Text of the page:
They just nail a number on that side of the board. I was second coaching a woman who had been in coach previously for most of a year by somebody. Her coach made her pursue a target condition for months when it was clear she was never going to get there. What you're supposed to do is hit the date, reflect on what you learned from not being able to hit the target condition and take a new feed on the mountain. Take a new path. By whipping somebody to get the number, you're missing the whole point of the activity. That's one.

The other one is, I think a lot of people go wrong in scoping, like right at the beginning, scoping the challenge or figuring out. No matter what my job is, if I'm not CEO, I can't just run around and get everything all the pieces, all the chess pieces on the board that will make this challenge work for the company. You got to be able to say, “How do I operationalize this in my field of influence?” You can't Kata stuff you can't control.

I want to ask one other question coming back to your role as a second coach or when someone's new to being a second coach. Is there ever a role for a third coach who's observing the second coach at first? Do you ever ask somebody to be your third coach to check in on you or help tune up?

All of those, yes. If I have a chance to work with somebody and split the money, I will do that. It's fun to have somebody second coach. I did that with Hal Frolick most of the pandemic and it was fun because he had been one of my coaches. We started coaching together and I got to ask him questions or say, “Hal, you didn't ask this or you shouldn't have stopped and told that story.”

Maria and I are planning on second coaching each other when we're not being paid to second coach each other. We're supposed to coach, but we're going to do the same thing, both show up, take turns and split the money. It's also great in a consulting role because then, if you need to go skiing for a week or you get sick, the other person knows the people and they can jump right in. That's a real benefit on both sides.

Beth Carrington, I don't know if I can mention another great woman in Lean, has produced a coaching card for second coaches. KUG, we have a coaching record for second coaches, like a reflection sheet. I did a giant mind dump that I call the learning tracker of a way to figure out what's going on with people at every level, learners, coaches and second coaches.

A lot of it comes down to how much support do you need. We want everyone to do a good job, to be in that learning zone and to be having a good experience there. The question is, how much support do you need from your coach? How much support do you need from your second coach? Sometimes, in a problem situation, they will call in somebody else to help or observe to see what's going on.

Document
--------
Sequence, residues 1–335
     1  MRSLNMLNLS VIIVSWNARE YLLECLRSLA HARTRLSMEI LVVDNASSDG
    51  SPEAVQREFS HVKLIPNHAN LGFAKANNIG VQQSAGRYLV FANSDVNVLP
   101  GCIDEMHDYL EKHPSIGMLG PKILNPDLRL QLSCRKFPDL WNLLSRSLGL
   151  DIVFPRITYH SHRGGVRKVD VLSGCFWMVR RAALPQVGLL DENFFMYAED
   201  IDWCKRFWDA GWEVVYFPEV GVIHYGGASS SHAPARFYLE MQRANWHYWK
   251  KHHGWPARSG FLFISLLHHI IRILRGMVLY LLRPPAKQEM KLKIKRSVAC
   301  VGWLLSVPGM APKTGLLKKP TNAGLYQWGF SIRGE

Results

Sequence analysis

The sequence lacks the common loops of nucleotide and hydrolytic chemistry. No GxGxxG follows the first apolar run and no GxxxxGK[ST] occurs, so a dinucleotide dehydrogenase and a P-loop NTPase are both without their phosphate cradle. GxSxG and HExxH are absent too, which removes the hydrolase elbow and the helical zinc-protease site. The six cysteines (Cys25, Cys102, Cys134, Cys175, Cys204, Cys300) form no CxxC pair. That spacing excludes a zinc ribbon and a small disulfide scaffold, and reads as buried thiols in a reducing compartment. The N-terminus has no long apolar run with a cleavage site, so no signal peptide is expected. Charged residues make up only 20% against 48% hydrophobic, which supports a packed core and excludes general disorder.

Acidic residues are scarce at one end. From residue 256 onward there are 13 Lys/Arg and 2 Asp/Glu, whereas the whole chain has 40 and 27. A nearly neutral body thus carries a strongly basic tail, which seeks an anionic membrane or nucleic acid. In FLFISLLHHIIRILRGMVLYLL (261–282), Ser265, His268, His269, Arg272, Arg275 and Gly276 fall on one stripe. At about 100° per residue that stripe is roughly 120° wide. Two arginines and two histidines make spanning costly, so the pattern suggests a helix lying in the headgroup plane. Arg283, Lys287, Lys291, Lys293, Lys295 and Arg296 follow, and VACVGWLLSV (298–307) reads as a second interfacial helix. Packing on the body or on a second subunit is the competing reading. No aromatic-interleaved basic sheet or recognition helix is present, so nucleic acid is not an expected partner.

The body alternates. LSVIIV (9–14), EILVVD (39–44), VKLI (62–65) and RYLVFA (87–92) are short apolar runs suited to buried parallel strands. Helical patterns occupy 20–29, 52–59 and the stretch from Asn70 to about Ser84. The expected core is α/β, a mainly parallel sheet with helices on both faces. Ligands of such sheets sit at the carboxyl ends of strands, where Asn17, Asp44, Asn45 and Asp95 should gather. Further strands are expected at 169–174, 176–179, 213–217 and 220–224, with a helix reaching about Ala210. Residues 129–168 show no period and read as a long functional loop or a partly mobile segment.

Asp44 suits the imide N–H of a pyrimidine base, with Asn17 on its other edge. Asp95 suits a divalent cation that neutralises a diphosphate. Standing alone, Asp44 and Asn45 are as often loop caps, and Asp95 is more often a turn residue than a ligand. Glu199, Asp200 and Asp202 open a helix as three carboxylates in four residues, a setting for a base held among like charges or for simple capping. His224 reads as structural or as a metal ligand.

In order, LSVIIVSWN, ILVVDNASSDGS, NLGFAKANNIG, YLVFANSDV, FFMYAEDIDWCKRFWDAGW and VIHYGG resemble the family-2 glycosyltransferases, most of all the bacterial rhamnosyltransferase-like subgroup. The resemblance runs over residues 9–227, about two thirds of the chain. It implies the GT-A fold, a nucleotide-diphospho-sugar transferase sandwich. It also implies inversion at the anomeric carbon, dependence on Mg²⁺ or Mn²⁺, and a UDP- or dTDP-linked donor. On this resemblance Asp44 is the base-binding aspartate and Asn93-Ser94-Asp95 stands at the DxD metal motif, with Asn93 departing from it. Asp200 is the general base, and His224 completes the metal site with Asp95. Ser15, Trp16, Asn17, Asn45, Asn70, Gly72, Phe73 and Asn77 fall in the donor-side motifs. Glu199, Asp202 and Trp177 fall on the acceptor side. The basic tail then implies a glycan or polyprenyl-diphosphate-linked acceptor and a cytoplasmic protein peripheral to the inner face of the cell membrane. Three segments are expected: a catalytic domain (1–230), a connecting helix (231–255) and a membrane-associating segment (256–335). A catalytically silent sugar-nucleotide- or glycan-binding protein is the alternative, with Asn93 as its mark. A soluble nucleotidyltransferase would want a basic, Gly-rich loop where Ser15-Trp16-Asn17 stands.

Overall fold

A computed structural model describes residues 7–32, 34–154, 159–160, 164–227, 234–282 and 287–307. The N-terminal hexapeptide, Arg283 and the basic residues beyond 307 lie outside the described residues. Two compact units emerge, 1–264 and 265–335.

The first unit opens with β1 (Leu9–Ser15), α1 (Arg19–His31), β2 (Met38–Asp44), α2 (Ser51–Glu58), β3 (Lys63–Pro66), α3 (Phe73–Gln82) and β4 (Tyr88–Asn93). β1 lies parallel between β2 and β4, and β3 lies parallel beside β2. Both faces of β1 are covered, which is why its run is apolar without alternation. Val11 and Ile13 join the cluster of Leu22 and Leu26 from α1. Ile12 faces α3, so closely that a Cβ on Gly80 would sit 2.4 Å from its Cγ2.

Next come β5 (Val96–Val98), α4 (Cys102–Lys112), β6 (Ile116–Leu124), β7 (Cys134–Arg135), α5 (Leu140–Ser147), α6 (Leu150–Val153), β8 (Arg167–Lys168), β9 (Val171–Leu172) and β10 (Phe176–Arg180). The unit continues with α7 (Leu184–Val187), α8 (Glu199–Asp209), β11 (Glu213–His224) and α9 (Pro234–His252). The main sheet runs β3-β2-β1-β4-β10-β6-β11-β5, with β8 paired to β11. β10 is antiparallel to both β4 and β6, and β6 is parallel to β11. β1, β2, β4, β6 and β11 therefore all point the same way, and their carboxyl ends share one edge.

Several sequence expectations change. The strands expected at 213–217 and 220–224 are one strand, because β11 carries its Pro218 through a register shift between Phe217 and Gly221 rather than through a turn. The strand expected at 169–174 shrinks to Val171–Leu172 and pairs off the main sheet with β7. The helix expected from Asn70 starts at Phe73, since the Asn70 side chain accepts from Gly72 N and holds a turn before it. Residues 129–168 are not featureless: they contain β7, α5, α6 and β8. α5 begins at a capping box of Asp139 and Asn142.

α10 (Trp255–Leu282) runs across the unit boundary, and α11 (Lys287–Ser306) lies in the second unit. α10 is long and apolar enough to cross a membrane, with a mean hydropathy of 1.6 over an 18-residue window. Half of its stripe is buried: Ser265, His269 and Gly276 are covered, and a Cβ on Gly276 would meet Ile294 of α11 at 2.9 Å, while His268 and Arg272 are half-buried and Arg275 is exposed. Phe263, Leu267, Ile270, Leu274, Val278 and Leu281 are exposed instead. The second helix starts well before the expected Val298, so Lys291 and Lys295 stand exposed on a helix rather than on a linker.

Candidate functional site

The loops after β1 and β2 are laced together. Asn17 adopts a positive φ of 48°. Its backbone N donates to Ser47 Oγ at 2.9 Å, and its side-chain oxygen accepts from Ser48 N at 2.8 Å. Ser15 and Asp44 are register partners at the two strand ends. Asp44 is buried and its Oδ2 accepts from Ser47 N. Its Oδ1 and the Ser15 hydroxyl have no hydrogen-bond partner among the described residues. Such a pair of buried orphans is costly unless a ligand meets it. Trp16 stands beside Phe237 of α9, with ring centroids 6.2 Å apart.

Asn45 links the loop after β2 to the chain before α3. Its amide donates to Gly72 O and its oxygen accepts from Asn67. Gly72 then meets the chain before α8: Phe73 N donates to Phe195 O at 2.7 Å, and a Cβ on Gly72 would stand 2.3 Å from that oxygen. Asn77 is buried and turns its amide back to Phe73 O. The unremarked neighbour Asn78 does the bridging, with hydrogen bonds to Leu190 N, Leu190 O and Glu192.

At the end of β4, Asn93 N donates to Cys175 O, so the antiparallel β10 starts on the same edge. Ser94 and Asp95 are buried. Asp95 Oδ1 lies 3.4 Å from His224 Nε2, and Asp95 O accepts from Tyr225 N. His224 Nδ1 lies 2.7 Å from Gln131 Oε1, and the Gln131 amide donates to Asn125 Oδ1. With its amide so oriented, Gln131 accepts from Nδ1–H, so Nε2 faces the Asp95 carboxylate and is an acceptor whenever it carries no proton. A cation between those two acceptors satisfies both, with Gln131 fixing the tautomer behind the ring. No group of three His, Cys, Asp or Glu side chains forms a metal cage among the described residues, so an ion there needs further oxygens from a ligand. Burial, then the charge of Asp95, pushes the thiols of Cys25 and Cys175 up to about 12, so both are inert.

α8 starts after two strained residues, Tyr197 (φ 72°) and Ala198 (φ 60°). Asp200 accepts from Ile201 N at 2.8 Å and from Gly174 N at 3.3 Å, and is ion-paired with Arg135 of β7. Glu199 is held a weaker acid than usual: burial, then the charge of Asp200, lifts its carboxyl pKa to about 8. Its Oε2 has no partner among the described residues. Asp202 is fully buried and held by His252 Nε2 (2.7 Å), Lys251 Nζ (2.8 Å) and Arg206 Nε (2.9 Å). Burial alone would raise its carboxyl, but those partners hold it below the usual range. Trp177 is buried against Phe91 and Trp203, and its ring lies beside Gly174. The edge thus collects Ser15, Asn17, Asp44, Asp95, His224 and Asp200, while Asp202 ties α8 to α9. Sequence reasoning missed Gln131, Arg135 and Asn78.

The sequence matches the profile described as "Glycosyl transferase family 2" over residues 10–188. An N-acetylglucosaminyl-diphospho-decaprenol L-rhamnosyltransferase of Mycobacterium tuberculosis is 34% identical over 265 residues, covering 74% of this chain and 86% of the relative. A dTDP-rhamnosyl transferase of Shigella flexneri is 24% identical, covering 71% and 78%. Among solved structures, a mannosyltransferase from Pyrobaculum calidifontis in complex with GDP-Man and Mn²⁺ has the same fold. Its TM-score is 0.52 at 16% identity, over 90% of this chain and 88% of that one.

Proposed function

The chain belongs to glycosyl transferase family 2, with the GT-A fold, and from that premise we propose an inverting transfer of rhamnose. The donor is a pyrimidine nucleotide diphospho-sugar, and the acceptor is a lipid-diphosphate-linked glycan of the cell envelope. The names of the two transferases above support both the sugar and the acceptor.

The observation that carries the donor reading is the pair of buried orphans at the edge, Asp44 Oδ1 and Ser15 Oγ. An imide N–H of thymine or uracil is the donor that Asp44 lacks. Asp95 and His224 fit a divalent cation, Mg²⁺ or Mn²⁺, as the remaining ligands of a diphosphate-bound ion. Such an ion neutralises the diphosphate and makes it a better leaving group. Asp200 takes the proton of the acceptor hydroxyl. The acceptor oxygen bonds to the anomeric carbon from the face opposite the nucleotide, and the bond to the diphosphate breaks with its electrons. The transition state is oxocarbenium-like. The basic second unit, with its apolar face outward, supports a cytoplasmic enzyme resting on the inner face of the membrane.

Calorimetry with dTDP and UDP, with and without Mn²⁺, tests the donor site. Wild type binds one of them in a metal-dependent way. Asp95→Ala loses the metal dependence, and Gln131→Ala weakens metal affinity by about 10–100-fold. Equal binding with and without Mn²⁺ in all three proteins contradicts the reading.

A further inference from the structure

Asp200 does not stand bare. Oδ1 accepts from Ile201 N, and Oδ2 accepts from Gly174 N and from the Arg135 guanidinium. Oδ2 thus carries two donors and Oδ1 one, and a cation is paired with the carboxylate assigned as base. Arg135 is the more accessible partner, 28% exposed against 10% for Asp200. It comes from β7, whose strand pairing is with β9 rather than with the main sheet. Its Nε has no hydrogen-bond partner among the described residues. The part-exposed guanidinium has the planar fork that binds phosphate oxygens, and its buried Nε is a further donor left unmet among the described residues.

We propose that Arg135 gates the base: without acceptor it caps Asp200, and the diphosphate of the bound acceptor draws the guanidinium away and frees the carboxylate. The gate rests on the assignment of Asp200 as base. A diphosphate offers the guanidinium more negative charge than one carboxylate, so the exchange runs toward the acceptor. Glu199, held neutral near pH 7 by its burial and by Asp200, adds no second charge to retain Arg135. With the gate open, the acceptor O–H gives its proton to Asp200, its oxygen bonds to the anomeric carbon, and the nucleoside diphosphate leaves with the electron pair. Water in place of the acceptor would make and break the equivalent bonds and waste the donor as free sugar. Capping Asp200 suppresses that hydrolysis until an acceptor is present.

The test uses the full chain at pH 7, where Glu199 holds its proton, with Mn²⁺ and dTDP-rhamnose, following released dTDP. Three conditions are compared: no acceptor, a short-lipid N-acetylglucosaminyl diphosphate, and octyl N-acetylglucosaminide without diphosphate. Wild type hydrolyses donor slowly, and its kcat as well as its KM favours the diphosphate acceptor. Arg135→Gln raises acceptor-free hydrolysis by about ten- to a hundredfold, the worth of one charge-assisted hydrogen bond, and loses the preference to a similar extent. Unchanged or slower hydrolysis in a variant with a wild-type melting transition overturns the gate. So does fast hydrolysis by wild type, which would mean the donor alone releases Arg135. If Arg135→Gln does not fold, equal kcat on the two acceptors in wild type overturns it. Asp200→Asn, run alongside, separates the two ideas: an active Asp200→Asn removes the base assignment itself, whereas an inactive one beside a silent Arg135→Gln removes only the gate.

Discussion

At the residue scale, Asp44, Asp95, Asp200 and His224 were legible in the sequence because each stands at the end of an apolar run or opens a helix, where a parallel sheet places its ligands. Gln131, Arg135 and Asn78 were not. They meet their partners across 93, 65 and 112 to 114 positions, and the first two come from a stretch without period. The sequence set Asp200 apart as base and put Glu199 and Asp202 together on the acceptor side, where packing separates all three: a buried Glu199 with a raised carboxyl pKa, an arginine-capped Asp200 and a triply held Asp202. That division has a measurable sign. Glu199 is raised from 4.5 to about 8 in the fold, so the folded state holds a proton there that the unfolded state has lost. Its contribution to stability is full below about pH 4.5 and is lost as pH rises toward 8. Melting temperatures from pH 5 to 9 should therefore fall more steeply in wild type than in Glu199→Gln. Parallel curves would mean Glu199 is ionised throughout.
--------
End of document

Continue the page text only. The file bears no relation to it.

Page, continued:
One of my favorites that's quick to tell, I don't how much time we have, but it's a fun one that your readers might enjoy. Here, in my part of British Columbia and maybe in the whole West, there are a lot of people who are living in what my mom would've called a hippie-dippy world. The idea of science is unusual to them. We sometimes get lots of people who want to learn things. They've heard about it from their friends. I had a call from a coach and a second coach who were stuck with a learner because the learner refused to predict what would happen as a result of her staff or experiment. Do you want to guess why?

Fear of being wrong?

No. Fear that they were manifesting it. By saying it and writing it down would make it happen. The forces of the universe would make this happen because they said it and wrote it down. They're like, “I don't know if I can teach science to somebody who thinks that speaking words makes things happen.” We got a third coach in. We usually talk about what did we all agree to do? What are the roles? One of the roles is you've got to try this.

Tracy, it's been a lot of fun. There's so much more we could talk about.

Fear of being all-powerful. You asked about the emotional bit and I want to say that there are sometimes tears at the category. They're often emotionally moved. People are moved by what happens.

More of a release.

Yes. I keep Kleenex close at hand. It happens.

That's understandable. Maybe we can do an episode sometime with you and a couple. We can do a Kata Girl Geeks round table.

That would be so fun.

Where's the best place to go find more information about Kata Girl Geeks?

Kata Girl Geeks has a placeholder website. We're not inclusive, but a lot of guys want to join. We think that there's something about the all-female group that creates a safe learning environment and a nurturing one too. Kata Girl Geeks is probably easy to find on LinkedIn. We have a LinkedIn Group. We have a webpage. I'm one of the founders. I'm an easy connection too. The same with Kata School Cascadia. There are no ten things named that, so it's pretty easy to find us. We're a .org. My name, my mother was pretty straightforward with spelling, so there aren't too many people with exactly Tracy and Defoe like Daniel Defoe. Pretty easy to find.